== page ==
First and foremost, we should double check the patient’s name, date of birth, and medical record number on the image.  Next we should assess if it is an AP or PA image and if the patient is standing or supine.

Then we should look to see the quality of the film, such as the positioning, rotation, penetration, and if the radiograph was taken during inspiration, and then lastly, examine the structures on the chest X-ray.


Inspiration – Anterior vs Posterior Ribs 

Full inspiration will be noted when the diaphragm is located between the 5th and 6th anterior rib; or the 9th and 10th posterior rib.  The ribs that are angulating downward are the anterior ribs, and the ribs that are horizontal lie are the posterior ribs.


Hyperventilation - pathology

If the diaphragm is located past the 7th anterior rib, this is considered hyperventilation and may be consistent with pathology such as COPD with air trapping.  A flattened hemidiaphragm will also signify hyperinflation.


Position, Rotation, and Penetration 

The position during the chest x-ray should be that with the scapula retracted laterally out of the lung views.  The spinous processes of the thoracic vertebrate should be in the middle of both clavicles, signifying no rotation. 

A well penetrated chest x-ray will be one where you can see the vertebrate faintly behind the heart, as well as the intersection of the left hemidiaphragm and spine being well demarcated.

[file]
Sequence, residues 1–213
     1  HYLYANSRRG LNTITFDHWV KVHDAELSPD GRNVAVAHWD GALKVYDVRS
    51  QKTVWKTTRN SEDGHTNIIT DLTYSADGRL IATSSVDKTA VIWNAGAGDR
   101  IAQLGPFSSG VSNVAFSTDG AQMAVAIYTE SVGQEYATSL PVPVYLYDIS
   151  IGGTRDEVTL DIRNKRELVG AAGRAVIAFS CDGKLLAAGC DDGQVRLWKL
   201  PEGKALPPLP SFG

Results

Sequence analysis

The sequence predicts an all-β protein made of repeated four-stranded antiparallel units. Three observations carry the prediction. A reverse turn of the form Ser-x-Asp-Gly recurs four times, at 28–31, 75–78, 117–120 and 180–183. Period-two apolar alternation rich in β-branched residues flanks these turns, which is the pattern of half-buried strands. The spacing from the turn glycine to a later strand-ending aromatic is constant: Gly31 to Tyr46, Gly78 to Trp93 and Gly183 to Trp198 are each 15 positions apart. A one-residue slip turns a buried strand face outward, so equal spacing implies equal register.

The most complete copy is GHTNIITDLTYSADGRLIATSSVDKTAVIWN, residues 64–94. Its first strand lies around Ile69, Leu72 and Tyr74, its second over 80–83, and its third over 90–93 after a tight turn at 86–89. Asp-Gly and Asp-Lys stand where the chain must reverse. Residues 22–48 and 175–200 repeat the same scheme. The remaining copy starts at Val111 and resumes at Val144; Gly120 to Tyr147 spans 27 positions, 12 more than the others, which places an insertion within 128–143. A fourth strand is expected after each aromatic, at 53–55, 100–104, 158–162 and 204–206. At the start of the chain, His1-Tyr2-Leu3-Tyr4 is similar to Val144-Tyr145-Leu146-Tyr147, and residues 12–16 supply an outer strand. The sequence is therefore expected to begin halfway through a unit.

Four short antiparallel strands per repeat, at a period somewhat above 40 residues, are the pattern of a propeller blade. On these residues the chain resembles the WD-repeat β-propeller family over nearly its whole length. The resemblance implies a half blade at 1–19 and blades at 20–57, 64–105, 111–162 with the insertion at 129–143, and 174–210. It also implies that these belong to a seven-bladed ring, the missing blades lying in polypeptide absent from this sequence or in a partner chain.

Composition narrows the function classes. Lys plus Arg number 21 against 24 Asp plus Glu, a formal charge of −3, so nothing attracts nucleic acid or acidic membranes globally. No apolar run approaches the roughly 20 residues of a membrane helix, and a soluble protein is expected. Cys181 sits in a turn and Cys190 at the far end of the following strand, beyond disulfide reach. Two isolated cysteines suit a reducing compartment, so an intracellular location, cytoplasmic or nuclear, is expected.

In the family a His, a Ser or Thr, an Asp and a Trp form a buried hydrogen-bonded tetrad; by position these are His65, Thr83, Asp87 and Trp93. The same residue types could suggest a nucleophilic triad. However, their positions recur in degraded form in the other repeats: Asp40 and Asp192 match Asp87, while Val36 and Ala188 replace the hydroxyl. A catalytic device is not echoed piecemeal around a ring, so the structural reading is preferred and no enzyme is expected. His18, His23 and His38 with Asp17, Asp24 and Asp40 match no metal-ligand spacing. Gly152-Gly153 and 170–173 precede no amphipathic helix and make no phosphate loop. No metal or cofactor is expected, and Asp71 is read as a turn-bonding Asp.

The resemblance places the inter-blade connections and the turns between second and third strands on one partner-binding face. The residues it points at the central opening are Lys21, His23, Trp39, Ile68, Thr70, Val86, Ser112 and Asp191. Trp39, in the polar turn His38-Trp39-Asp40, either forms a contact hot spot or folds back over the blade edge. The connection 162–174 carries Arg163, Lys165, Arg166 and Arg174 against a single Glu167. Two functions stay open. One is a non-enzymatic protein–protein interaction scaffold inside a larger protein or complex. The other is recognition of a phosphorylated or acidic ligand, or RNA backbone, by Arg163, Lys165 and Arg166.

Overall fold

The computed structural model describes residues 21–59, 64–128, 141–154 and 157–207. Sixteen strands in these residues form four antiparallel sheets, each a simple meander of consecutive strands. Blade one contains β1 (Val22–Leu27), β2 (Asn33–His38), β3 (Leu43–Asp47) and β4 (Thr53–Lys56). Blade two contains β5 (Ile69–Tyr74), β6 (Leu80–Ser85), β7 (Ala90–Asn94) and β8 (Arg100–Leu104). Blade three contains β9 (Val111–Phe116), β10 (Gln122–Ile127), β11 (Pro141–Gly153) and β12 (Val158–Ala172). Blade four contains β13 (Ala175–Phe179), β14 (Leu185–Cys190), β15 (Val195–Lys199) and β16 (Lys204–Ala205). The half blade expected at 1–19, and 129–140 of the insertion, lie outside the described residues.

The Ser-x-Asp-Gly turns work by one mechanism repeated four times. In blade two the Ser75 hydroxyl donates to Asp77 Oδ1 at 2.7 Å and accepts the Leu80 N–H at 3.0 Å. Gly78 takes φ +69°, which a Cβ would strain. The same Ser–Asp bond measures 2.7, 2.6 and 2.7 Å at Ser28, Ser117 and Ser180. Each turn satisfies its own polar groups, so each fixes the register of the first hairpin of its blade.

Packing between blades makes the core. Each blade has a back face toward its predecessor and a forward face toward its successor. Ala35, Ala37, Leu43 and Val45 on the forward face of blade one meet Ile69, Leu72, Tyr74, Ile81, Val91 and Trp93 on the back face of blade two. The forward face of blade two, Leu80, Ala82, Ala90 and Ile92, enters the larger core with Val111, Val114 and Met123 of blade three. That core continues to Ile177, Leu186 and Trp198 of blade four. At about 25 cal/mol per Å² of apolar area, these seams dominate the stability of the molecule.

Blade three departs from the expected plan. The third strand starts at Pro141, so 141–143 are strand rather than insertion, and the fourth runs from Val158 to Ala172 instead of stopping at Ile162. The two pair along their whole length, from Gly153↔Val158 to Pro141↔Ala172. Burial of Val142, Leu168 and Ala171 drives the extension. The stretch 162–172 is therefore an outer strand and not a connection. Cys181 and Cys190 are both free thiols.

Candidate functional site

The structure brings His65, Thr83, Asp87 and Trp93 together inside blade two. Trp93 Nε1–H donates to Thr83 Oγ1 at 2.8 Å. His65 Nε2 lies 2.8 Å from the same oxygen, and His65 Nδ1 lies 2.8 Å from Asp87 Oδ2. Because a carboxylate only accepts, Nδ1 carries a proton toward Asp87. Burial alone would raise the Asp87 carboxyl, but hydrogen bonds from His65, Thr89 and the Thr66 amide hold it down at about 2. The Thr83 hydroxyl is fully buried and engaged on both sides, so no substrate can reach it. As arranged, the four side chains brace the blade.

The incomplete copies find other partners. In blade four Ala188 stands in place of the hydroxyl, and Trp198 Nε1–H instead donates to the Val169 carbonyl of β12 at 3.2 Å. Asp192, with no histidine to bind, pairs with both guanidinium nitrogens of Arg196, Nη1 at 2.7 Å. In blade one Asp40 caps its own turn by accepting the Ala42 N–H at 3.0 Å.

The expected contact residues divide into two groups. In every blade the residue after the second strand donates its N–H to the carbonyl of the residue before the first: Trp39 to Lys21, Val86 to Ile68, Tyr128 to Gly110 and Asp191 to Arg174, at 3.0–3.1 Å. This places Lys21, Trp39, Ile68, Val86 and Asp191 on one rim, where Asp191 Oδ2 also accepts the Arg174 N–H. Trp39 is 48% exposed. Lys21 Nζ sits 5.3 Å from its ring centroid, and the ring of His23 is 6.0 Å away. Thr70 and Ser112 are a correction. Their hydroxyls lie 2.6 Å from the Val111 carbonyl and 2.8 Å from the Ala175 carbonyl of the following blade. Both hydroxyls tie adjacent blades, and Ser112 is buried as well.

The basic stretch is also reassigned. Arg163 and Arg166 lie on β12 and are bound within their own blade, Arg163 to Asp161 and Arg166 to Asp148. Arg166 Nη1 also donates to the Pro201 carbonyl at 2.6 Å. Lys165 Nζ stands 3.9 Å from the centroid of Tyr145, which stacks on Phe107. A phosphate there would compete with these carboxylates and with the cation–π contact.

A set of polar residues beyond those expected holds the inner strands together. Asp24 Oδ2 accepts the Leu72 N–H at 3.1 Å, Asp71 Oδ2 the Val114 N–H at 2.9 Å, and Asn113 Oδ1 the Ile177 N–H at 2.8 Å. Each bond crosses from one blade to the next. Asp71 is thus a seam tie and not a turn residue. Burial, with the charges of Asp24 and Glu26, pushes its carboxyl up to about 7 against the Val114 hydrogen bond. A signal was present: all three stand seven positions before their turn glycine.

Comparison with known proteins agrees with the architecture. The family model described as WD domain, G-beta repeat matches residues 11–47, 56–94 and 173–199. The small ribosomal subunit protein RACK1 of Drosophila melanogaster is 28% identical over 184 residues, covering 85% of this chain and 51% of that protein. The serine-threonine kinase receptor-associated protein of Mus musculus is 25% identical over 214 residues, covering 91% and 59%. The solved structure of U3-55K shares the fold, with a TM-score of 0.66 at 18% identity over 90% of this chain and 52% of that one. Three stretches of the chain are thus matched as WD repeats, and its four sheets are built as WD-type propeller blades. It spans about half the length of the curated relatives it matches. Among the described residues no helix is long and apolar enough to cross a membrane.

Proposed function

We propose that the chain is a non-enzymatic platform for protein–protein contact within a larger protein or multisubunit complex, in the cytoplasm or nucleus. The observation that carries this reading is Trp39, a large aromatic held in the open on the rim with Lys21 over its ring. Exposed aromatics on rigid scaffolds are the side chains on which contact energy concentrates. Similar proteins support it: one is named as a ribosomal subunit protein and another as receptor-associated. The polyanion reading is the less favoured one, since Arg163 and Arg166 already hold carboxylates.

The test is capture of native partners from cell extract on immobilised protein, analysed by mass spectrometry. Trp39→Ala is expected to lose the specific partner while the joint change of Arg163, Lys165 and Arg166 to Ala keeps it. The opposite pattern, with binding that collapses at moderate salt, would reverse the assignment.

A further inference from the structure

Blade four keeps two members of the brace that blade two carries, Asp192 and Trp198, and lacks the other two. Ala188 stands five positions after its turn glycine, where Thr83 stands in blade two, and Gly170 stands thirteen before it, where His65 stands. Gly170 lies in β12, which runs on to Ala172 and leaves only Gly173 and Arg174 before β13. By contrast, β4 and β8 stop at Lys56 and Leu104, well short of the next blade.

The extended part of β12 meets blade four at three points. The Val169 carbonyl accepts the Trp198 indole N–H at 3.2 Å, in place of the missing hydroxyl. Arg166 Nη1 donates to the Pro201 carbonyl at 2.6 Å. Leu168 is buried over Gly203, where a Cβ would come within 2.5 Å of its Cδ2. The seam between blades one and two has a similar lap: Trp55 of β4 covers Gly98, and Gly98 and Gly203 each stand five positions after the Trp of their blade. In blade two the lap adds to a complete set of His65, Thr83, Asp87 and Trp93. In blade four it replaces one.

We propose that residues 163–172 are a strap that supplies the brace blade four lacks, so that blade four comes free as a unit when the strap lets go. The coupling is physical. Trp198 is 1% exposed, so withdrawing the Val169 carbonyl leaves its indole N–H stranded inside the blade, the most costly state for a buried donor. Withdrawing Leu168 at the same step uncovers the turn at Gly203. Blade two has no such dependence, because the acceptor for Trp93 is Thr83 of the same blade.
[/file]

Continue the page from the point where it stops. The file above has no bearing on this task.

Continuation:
Normal Chest X Ray Findings

 Next we will dive into the normal chest x ray findings and normal anatomy revealed with this imaging technique. 

A quick overview and way to remember the big structures revealed on the chest radiography is:

  • A: Apices/airway
  • B: Bones/soft tissue
  • C: Cardiac
  • D: Diaphragm
  • E: Edges/effusion
  • F: Fields (Lung Fields)


Next we will dive into more detail when scanning the anatomy revealed on the chest radiograph.  We will dive into the:

  • Trachea
  • Hila
  • Lungs
  • Pleura
  • Mediastinum
  • Heart
  • Diaphragm
  • and bones



 The trachea will either be centered or slight shifted to the left or right, which is normal.  The trachea will branch into the right and left main bronchi. 

The first thing you should do is make sure that the patient is not rotated.  Again, we do this by making sure that the spinous processes of the thoracic vertebrate are in the middle between the two clavicles.